The worst day of my life was December 12, 2011, when I held my 2-day-old daughter as her last breath left her body.
The doctor prepared us at her anatomy scan at 20-weeks gestation that she would likely not survive, but I held fast to hope over the next 10 weeks until she was born, that there would be a miracle. But she could not be saved.
For the last almost 8 years, I have worked hard on healing and recovering. I have written books and blogged and even started a nonprofit to support grieving mothers. I have gone to healing retreats and hosted healing retreats and done the hard work to be okay with being okay.
I think of her every day, but every day is not defined by her.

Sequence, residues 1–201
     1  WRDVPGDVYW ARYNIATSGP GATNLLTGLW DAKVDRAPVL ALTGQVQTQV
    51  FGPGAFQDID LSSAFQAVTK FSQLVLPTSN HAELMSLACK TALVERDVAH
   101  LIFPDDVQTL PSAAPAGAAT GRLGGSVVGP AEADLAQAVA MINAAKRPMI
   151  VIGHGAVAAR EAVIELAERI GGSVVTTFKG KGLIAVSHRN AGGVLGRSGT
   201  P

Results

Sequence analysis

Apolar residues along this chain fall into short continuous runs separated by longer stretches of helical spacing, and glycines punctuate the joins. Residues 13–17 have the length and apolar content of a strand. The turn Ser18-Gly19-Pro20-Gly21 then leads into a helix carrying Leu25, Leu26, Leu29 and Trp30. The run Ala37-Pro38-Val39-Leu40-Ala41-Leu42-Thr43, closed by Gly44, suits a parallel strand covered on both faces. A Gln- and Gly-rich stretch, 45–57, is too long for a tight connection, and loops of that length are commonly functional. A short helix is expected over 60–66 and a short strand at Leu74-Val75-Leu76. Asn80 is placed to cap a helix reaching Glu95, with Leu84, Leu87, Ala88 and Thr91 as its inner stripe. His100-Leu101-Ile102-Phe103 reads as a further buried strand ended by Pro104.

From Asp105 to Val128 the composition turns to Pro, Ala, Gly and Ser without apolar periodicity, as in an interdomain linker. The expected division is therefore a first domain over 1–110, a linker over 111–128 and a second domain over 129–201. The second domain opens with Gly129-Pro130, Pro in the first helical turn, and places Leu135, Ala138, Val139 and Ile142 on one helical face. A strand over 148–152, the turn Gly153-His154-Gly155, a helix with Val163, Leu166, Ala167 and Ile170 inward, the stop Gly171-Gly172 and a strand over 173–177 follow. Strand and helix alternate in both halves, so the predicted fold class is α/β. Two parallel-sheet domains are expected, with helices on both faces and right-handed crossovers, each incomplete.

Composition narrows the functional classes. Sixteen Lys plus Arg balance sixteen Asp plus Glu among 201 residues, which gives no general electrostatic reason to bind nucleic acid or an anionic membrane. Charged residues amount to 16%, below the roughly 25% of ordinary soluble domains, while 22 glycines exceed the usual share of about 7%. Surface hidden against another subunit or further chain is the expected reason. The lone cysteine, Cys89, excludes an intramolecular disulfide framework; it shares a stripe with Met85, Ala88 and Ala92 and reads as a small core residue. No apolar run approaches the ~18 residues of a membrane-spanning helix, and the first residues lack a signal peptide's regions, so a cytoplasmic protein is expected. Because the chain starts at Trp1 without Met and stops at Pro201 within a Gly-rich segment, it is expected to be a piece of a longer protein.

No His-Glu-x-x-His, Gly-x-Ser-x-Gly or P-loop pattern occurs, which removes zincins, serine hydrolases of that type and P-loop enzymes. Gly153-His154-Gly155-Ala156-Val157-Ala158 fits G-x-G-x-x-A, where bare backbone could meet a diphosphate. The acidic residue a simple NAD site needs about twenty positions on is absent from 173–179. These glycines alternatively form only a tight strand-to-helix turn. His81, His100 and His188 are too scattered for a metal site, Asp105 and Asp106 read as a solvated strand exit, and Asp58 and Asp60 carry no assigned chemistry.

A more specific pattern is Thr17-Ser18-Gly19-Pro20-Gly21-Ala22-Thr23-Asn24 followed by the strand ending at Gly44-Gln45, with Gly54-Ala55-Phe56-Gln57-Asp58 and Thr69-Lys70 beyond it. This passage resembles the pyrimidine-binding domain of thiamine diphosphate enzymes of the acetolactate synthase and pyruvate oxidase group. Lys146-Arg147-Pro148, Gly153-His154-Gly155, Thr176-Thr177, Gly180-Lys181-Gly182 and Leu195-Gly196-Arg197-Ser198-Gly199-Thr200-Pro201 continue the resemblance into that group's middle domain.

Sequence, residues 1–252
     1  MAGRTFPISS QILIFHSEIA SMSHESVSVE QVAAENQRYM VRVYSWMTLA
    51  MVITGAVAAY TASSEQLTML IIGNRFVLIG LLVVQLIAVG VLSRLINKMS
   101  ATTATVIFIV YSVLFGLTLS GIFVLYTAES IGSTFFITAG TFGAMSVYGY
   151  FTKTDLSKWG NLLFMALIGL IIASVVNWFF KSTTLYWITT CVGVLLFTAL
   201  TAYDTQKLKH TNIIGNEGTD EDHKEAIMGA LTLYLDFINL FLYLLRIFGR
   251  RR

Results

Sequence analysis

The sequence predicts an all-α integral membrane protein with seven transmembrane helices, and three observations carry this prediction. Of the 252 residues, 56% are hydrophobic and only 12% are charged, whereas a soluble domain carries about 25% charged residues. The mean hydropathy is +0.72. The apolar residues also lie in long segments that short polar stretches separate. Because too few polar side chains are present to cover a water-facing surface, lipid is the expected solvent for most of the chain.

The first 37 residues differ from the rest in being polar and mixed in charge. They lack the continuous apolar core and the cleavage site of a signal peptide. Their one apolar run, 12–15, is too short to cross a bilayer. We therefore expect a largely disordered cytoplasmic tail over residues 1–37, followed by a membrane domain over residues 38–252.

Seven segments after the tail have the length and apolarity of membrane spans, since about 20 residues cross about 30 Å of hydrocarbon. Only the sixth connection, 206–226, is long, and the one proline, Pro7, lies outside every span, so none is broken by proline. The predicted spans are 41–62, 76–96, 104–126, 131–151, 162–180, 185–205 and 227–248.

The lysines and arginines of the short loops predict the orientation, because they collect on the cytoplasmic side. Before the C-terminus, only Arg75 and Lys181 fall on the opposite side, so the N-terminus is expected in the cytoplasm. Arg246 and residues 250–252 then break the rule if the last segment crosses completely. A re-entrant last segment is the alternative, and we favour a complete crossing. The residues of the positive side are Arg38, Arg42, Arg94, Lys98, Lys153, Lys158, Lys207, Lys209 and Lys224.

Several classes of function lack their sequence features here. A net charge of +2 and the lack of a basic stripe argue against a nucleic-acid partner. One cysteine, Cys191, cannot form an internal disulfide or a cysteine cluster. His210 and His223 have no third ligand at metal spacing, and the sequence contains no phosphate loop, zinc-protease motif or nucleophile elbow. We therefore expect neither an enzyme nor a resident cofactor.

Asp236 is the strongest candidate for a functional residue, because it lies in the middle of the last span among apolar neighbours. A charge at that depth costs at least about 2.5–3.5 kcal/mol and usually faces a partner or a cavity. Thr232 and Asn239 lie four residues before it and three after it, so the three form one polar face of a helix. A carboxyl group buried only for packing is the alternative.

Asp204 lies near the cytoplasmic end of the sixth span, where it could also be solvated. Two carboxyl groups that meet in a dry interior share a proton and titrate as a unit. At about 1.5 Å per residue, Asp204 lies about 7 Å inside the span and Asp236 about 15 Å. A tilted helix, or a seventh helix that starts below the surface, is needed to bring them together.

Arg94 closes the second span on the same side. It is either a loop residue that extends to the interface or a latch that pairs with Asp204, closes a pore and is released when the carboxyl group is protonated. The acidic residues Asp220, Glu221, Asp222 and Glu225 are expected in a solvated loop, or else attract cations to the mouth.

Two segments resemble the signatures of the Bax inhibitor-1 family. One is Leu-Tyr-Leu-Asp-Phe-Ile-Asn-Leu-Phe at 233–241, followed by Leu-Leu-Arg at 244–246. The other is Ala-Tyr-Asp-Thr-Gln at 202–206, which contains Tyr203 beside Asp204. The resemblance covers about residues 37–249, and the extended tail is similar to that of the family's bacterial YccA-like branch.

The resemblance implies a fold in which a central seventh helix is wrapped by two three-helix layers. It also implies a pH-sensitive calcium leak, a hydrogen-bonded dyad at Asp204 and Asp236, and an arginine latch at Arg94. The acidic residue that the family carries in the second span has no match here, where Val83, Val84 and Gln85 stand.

For the most part, I am happy.
And then a few weeks ago, I had a really bad day. I was just angry at the world, utterly sad, and just couldn’t stop the tears. I missed my baby so much and pain I hadn’t felt in a long time came surging back. I had no idea why. Grief is like that. It rears its head in unexpected places and times. But when I took a step back and started thinking about the events of that weekend, I was able to pinpoint exactly why I’d fallen down that tunnel of grief…
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